Debt collectors are known to call you to try and collect any debt you owe.
Now, they can contact you with texts, emails, and social media direct messages.
The rules changed with the Consumer Financial Protection Bureau and went into effect on Nov. 30.
There are two new rules in place.
First, there is a rule that clarifies what counts as “harassment and abuse, false or misleading representations, and unfair practices.”
The CFPB explains that federal law is violated when a debt collector calls someone in connection with a specific debt over 7 times within 7 days, or within 7 days of having a conversation about that debt.
This means the collector can call 7 times about 7 different accounts.
They are not legally allowed to threaten to sue you.
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An opt out option needs to be provided with texts and emails.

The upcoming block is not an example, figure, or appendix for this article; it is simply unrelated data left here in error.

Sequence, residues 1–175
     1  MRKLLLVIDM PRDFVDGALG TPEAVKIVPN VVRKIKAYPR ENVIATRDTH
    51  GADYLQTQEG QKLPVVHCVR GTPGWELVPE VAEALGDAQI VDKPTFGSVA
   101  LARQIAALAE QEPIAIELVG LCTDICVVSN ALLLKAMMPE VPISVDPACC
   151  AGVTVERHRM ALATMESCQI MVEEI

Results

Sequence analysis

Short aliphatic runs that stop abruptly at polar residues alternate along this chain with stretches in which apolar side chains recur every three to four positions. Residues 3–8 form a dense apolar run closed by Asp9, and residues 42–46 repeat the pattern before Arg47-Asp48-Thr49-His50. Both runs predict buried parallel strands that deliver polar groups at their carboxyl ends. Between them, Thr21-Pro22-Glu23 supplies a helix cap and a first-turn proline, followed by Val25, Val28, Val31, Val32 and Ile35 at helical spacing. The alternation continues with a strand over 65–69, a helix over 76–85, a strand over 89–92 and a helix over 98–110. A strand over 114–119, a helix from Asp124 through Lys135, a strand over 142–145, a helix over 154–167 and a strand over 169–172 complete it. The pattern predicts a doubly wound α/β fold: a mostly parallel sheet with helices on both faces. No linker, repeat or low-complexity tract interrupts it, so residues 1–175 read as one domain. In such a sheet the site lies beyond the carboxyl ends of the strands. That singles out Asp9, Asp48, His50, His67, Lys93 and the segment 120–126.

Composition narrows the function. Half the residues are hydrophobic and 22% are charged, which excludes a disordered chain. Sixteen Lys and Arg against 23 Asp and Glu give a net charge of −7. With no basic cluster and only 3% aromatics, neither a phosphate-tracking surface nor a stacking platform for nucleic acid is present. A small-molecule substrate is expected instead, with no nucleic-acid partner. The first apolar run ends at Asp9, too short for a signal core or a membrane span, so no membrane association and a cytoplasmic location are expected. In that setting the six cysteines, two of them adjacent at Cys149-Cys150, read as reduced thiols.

The second rules states that debt collectors need to provide information about the debt from the beginning of communications.
They also need to offer information on how the consumer can respond to the debt.
These steps are all necessary before the debt can be reported to the consumer reporting agency.
What happens if they contact me through social media?
When a debt collector chooses to message you through text, email, or a direct message on social media, they must identify themselves.
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They are not allowed to comment publicly on things others can see.
They must provide an opt out option through whatever way they contact you.
Keep in mind this change is also an opportunity for scammers to try and trick people into paying off debt.